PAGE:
There is no rest for the weary psychology major at Wabash: on the Friday of finals week this year, junior psychology majors Connor O’Rear ’14 and Jacob Owens ’14 traveled to Chicago to present their summer research projects with Dr. Schmitzer-Torbert.  Their poster was presented in the Psi Chi poster session of the Midwestern Psychological Association’s annual meeting, and was titled: Facilitation of habit-learning by post-training infusion of cocaine into the infralimbic cortex.

Owens and O’Rear at their MPA poster.

Previous work by other Wabash students had shown that addictive drugs, such as cocaine, could bias rats towards the use of habitual behaviors in a lever pressing task, and that damage to the prefrontal cortex could block this effect.  O’Rear and Owens presented the results of their summer internships, in which they tested if directly injecting cocaine into the prefrontal cortex could have the same effect on habit learning (as giving the cocaine to the whole brain through systemic injections).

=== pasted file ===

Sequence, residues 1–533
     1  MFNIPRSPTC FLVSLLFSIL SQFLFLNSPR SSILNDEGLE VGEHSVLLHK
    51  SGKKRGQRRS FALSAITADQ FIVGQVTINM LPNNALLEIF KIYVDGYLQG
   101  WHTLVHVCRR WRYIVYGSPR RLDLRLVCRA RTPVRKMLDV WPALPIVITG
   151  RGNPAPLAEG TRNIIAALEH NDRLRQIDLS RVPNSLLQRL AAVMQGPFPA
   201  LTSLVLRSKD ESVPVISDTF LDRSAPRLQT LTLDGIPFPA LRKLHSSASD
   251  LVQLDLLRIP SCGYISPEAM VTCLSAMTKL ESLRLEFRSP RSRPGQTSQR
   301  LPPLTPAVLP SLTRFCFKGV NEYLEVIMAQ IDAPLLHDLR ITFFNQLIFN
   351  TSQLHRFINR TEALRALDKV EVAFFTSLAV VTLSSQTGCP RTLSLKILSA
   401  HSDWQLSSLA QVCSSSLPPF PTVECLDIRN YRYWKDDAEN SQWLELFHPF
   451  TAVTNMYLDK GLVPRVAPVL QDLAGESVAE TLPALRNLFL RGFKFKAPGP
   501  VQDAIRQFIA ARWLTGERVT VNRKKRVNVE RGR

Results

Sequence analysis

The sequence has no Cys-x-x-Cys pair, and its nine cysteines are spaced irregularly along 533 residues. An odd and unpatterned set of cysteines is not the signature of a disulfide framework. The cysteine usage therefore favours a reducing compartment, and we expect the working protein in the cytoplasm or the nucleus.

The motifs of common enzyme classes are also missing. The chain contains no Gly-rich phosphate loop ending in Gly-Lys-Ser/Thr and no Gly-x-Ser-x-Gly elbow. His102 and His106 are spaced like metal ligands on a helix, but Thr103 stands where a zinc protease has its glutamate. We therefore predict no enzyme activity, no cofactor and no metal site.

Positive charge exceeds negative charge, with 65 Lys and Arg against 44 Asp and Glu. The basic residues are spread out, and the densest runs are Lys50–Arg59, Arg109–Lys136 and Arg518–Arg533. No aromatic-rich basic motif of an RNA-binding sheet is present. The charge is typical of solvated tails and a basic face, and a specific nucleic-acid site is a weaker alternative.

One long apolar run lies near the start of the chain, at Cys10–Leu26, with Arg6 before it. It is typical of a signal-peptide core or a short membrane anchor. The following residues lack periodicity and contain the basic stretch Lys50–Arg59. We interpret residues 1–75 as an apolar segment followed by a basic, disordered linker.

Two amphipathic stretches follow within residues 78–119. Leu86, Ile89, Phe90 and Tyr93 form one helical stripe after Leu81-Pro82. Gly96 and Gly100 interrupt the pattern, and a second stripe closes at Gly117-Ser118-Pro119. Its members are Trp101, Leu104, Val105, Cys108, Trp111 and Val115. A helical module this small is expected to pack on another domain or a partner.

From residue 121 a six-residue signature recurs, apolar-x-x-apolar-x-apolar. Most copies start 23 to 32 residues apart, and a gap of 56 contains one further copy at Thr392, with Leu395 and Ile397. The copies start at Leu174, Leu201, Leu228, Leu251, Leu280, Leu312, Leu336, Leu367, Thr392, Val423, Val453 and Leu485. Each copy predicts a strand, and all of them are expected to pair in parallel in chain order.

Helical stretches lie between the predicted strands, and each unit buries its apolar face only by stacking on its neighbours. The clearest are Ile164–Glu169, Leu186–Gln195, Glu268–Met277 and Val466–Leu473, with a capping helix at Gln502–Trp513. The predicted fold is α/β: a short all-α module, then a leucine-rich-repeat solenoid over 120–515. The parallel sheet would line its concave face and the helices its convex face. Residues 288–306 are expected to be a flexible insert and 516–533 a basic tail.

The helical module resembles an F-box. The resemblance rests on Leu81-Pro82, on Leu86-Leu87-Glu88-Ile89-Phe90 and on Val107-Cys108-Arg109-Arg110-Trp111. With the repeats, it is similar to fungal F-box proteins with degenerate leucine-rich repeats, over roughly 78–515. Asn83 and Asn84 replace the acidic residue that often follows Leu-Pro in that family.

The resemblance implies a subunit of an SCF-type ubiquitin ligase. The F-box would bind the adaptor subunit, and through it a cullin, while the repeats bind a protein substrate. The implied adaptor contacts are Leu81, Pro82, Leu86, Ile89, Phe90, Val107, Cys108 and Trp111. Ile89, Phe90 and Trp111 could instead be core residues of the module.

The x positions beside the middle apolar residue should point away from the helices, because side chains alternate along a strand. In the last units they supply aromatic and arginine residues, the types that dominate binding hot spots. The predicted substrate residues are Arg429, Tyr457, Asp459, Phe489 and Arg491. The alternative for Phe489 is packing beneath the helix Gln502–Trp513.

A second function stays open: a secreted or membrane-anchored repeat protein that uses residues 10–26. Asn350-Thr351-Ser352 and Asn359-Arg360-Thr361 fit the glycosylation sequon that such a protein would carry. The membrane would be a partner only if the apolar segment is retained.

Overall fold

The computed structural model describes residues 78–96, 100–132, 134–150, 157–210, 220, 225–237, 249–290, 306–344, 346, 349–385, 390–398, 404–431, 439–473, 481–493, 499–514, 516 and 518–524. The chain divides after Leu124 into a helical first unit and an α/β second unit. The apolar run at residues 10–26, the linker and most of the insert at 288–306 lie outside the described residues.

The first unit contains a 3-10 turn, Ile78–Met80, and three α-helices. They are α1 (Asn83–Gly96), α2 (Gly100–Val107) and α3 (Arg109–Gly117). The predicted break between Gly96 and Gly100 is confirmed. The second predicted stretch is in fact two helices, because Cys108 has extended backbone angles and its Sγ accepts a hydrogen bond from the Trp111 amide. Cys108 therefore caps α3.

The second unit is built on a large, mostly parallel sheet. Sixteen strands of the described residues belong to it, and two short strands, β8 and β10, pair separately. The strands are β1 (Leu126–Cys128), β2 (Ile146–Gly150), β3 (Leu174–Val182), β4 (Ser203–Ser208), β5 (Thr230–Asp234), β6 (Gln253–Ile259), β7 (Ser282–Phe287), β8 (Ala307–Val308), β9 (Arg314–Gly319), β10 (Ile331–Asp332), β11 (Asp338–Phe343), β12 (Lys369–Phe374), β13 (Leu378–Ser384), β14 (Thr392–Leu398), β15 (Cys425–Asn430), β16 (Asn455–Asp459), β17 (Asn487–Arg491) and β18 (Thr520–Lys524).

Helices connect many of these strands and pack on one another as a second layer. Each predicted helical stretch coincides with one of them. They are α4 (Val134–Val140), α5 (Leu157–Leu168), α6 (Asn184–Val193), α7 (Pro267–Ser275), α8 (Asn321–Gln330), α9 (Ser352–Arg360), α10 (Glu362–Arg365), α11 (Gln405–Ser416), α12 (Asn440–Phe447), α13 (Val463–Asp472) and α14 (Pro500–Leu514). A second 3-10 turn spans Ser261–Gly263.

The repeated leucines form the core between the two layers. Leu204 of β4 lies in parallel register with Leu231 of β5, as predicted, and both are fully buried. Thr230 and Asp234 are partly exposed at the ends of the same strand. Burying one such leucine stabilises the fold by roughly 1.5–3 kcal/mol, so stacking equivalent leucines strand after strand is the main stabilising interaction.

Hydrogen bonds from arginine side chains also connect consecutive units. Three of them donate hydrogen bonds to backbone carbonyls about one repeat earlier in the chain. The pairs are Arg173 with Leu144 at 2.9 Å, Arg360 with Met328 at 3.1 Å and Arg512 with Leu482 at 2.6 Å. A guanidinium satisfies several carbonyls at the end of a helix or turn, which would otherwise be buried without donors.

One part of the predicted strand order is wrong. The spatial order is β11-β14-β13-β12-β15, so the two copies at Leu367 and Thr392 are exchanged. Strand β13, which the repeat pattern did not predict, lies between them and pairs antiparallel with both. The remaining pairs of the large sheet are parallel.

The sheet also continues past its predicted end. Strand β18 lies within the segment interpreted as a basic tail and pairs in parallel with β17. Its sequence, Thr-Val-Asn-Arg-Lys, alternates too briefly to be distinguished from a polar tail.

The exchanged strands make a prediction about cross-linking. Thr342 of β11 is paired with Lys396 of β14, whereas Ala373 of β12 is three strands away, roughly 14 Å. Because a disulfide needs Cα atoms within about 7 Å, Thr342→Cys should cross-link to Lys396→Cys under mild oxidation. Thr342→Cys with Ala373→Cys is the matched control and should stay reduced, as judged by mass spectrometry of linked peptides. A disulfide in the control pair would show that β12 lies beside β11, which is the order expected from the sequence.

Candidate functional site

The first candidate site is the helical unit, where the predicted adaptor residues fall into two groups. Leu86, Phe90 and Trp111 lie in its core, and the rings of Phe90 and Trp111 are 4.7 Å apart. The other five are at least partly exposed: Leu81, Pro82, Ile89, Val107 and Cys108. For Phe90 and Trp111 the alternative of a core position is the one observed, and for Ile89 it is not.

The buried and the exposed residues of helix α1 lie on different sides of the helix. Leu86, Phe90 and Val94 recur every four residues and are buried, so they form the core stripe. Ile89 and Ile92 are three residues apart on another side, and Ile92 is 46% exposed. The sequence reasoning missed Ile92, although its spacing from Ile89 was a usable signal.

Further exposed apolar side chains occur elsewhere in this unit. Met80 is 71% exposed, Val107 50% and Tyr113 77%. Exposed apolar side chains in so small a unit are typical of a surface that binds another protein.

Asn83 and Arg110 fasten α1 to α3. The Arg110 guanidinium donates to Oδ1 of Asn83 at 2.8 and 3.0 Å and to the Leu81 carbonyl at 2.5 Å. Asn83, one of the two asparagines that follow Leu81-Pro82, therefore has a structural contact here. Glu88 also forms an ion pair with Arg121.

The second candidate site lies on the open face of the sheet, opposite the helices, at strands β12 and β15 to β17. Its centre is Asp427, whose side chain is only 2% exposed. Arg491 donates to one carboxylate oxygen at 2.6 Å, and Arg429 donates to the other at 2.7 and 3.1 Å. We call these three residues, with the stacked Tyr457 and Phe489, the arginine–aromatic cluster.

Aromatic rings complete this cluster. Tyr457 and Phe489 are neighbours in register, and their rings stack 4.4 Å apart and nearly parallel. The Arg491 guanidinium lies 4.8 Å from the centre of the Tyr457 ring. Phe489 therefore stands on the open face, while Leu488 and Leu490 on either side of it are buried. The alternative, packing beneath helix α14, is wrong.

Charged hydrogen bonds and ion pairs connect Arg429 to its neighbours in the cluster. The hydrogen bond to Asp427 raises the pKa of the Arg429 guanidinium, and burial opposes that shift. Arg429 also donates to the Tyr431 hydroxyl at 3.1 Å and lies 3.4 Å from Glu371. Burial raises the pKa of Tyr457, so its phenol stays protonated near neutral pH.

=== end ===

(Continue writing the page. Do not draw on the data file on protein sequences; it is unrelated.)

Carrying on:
The research project, including the summer internship positions, was funded by a grant by the National Institute of Drug Abuse to Wabash College.  Funds to support O’Rear and Owen’s travel to Chicago was provided by a grant from Wabash’s Undergraduate Research Celebration Committee.

Other Wabash students who also worked on this research project in summer internships include  include Josh Stowers ’14, and recent grads Steven Apostolidis ’12, Drew Casey ’12, Romeo Amoa ’13, Xumin Sun ’13.